Each day we bring you one stunning little glimpse of history in the form of a historical photograph. Enjoy!
Is this a drop of milk splashing?
It's a white blood cell sitting on a silicon substrate.
It is not a drop of milkOK, Nate, your entry is not incorrect, it is just not complete. What is the White Blood cell doing other than sitting on a silicon substrate.Now, how could you possibly know that the substrate is silicon, since this is an almost unheard of condition (since silicon is not a material used in biologigal situations)
Okay, it's attaching itself to the substrate.
Nate,No, it is doing something of signifigance, not something trivial.PJM
Note To Self: Perhaps Nate knows less about Microbiology than history, antiquities, photography, philosophy, and education. Hmmm . . . perhaps I have found his Achilles Heel
It is most probably enveloping the silicon in a bio film as part of the white blood cell's immune system functionDan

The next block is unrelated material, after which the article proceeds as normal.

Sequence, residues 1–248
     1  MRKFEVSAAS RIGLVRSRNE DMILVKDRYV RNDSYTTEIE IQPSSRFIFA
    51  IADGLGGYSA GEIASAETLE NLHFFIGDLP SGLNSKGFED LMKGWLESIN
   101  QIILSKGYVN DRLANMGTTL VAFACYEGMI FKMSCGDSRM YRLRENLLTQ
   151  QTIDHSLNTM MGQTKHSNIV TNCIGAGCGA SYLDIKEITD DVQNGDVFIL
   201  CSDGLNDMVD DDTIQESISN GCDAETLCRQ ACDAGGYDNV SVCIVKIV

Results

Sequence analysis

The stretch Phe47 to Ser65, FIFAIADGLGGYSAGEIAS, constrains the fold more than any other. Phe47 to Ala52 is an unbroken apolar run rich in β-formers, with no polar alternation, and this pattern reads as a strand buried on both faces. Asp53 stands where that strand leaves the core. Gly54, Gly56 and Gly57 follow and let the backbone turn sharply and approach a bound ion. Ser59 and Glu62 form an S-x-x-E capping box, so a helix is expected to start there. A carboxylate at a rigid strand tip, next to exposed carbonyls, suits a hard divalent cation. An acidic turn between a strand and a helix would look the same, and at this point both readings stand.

Dan,Ahhh, nice try, but not really catching the key aspect of specifically what it is doing. PJMNote to self.Need to throw in some microbiology every once in a while to improve my standing on the blog.
It has attached itself so if can have a nice meal of yummy bacteria.
it also appears to be in the process of fractionation to penetrate the silicon substrate.Dan
I will accept Joe's answer as correct. The White Blood cell is eating bacteria, or fighting infection. Look at the center of the White blood cell . . . you can see a strand of 5 cocci type bacteria that the white blood cell has attached itself to and is consuming.Look at the arm coming off the white blood cell at the 8 oclock position . . . it has attached itself, and is consuming, 3 cocci type bacteria on the substrate. At the 6:30 position, another tendon is coming out and consuming a single bacteria cell. If you look at the smaller, round spots on the substrate, those are bacteria, and the white blood cell is destroying the ones in the middle.Hope you had a little fun with this one.PJM
Cool! I wonder what year it was taken?
Ummmm . . . 2005
It has been a long hard day at work so only just got on to check this out. It made me chuckle reading Nate's quick (and informative) reply and PJM's rundown on Nate's knowledge.Great work guys.
It looks like a diatom.....and I'm guessing its undergoing cell division aka reproduction.